"Not much is said about beer in places where good beer has always been a matter of course. The quality of beer goes without saying and it is rather futile to ask a Viennese what is special about Viennese lager. The truth is that the style of beer brewing that was responsible for the global reputation of the royal capital and seat of government, Vienna, has essentially died out. We are referring to a beer that is prized throughout the world: a bernstein hue with a light aroma of hops, fully flavored but rounded off with a slightly bitter palate of hops. This is Viennese lager as it was intended to be - and this was the beer that the young brewery owner Anton Dreher cultivated in his small brewery in Schwechat near Vienna at the beginning of the 1840's. This was the beer that attained worldwide fame.
Of all places this beer fell out of favor in Austria. Only in recent decades have young ambitious brewers harked back to the old tradition and are producing this true Viennese beer once again. Examples are the unfiltered Rotes Zwickl from the Ottakringer brewery, the Hadmar Biobier ("Hadmar organic") - from the beer workshop in the small town of Weitra in the forest quarter of Austria. Early on the Siebensternbräu in the Viennese seventh district joined the trend to reintroduce old and even forgotten styles of beer brewing.
The owner Sigi Flitter can even sometimes be found at the beer vat when the basis for the black - and, in contrast to most of the other dark beer varieties, not at all sweet - Prager Dunkel ("Prague Dark") is prepared. His personal favorite is smoke beer, for which he himself procures bags of gently dried malt from a Bamberg malt factory.
To learn about the different malts - and in general how beer goes from wheat stalk to the beer mug - you can travel to Salzburg. The Stiegl brewery has turned a former malt production building into the largest beer museum on the continent. Stiegl's Brauwelt documents wheat growing, brewing techniques, the craft of the coopers and barrel makers, as well as the connection between beer consumption and development of society. Since we are in Salzburg, Wolfgang Amadeus Mozart is, of course, involved; he is known to have savored beer from the Stiegl brewery. In the basement, on the old malting floor, there is a small brew house providing the opportunity to compare its product with that of the large brewery next door.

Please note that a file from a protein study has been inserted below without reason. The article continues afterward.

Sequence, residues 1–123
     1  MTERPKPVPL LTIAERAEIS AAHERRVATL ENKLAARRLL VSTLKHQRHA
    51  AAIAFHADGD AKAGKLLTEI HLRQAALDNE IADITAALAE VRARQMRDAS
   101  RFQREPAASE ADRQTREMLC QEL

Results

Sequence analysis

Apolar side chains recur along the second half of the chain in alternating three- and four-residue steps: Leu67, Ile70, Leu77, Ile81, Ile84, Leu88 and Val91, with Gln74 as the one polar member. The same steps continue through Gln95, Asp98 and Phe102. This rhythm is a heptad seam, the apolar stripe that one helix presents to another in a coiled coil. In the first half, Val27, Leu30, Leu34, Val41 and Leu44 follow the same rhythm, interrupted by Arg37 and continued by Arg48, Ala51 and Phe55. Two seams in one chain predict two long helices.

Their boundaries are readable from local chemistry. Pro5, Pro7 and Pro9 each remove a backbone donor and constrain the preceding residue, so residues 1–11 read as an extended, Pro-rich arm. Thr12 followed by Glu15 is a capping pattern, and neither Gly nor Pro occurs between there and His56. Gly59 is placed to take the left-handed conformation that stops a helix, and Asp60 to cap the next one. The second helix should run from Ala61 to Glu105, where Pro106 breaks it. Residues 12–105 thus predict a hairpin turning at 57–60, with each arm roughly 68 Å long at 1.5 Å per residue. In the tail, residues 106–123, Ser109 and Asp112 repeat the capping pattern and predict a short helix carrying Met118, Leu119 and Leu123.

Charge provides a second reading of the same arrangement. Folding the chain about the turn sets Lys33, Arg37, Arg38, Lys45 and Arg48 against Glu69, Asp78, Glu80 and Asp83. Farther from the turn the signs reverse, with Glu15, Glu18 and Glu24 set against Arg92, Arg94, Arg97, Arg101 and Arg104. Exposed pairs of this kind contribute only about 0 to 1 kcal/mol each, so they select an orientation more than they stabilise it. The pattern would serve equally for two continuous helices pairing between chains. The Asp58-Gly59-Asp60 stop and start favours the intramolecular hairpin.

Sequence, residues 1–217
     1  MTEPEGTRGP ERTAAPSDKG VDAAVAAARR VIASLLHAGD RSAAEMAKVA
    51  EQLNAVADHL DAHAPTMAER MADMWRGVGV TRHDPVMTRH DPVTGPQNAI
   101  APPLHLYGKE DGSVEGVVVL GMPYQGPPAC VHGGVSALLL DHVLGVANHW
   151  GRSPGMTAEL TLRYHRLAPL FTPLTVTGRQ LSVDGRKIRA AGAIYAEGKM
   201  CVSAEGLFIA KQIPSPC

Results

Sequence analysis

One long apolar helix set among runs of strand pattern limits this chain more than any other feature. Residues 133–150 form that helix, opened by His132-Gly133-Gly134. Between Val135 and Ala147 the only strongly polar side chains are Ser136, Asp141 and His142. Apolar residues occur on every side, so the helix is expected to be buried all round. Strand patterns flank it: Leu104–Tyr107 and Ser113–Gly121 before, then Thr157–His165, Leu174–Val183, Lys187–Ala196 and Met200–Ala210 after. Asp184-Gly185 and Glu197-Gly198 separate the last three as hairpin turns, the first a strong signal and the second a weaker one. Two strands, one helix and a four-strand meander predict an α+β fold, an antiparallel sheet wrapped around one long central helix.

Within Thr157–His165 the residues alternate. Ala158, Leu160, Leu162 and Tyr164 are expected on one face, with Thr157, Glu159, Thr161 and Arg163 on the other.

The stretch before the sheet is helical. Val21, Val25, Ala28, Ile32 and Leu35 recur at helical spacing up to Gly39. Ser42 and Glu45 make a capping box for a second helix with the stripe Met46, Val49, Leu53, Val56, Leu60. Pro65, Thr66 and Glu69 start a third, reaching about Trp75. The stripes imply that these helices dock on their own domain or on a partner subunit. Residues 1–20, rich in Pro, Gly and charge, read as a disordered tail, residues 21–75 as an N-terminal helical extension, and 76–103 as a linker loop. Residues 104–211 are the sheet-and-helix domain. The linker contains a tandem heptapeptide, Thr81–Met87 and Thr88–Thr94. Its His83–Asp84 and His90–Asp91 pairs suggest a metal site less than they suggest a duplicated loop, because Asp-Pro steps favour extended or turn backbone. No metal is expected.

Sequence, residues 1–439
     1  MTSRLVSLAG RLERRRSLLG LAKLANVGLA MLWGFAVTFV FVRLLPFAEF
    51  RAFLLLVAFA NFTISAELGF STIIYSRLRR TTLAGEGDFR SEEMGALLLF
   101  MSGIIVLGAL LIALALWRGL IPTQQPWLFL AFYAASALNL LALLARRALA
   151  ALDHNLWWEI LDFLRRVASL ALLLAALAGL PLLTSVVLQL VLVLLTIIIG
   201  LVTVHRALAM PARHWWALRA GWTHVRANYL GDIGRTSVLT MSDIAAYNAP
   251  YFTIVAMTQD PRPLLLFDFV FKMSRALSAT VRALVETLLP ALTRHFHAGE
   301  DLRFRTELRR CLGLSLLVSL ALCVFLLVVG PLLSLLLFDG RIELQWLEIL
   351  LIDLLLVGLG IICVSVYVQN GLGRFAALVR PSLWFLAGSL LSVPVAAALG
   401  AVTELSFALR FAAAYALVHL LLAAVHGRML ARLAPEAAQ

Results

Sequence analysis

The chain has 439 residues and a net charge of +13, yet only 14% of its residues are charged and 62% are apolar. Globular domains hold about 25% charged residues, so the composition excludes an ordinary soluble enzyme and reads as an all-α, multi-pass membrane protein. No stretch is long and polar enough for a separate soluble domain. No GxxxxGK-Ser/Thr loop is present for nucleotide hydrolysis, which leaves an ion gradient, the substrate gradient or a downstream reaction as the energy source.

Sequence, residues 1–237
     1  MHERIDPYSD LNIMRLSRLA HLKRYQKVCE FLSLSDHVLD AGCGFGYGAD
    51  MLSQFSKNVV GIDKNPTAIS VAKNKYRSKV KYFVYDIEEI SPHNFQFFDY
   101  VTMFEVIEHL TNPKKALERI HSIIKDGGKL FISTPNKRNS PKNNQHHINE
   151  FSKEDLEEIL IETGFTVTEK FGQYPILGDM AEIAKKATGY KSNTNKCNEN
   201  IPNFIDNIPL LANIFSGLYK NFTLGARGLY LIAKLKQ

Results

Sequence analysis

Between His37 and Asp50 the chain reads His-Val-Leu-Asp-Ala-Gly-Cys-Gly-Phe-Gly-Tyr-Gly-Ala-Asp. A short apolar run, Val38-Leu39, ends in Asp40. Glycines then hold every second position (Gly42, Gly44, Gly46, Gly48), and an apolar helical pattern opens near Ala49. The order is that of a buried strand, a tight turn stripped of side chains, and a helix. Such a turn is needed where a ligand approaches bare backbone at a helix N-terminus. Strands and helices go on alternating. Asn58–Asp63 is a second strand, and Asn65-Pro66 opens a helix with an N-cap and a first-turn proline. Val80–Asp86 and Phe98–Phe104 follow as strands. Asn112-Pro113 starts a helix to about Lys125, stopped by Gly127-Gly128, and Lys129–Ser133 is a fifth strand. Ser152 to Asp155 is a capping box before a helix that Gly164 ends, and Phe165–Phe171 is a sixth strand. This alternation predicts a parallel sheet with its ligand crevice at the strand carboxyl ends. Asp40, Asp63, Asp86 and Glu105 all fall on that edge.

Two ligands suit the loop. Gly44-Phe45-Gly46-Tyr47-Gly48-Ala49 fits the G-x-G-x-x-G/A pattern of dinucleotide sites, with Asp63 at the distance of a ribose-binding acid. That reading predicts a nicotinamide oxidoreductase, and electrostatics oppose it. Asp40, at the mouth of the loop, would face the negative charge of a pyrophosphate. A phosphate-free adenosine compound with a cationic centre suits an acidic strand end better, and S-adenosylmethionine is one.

Brew master Ernst Schreiner carefully attends to every detail: in this case the highly successful Goldbräu from the large industrial brewery, to a red ale from the Brauwelt that is distributed to interested friends of the brewery craft as beer of the month. Specialty beers distinguish themselves from mass production: many beer drinkers have no idea what they are missing if their taste extends only to Pils, the traditional lager or even wheat beer.
Specialty beers are seldom produced by the large breweries; they need to cater to the tastes of restaurants and beer gardens that serve beer in large quantities. The birthplace of the Viennese lager, the Schwechat brewery half way between Vienna and Vienna Airport, is still one of Austria's largest breweries - the beer they produce there, however, has little resemblance to the original Viennese style of Anton Dreher. On the international scene light, easily consumed beers are in demand, whether from large beer concerns or from moderately sized breweries. And Austria is no different: the most common beer in Austria is called Märzen (pronounced "mair-tsen"), a light lager beer with five percent alcohol content and with a mildly bitter taste..."
Conrad Seidl has become the "beer pope" with books, syndicated columns and seminars on the subject of beer. At present available are "Bier" (1997), "Unser Bier" ("Our Beer" 1996) "Hopfen & Malz" ("Hops and Malt" 1995) as well as "Ins Wirtshaus!" ("To the Pub" 1997 in collaboration with Andrea Dee). The author also annually publishes "Conrad Seidls Bier-Guide" providing an overview of the Austrian beer scene.
Beer Myth Resort Starkenberg in Tirol: www.starkenberg.at
Hotel Schwarz Alm in Lower Austria: www.schwarzalm.at
Landhotel Moorhof in Upper Austria: www.landhotels.at
Hotel Diana in Seefeld in Tirol: www.hotel-seefeld-tirol.com
Our holiday experts are here to assist you with your holiday planning. Just give us a call or drop us an email and we'll be happy to answer your questions.
00800 400 200 00*
*toll-free; calls from mobile phones may incur additional network charges
Download and order free brochures for your holidays in Austria.Brochures & Catalogues
Subscribe to our free monthly e-newsletter and receive great information about Austria.Newsletter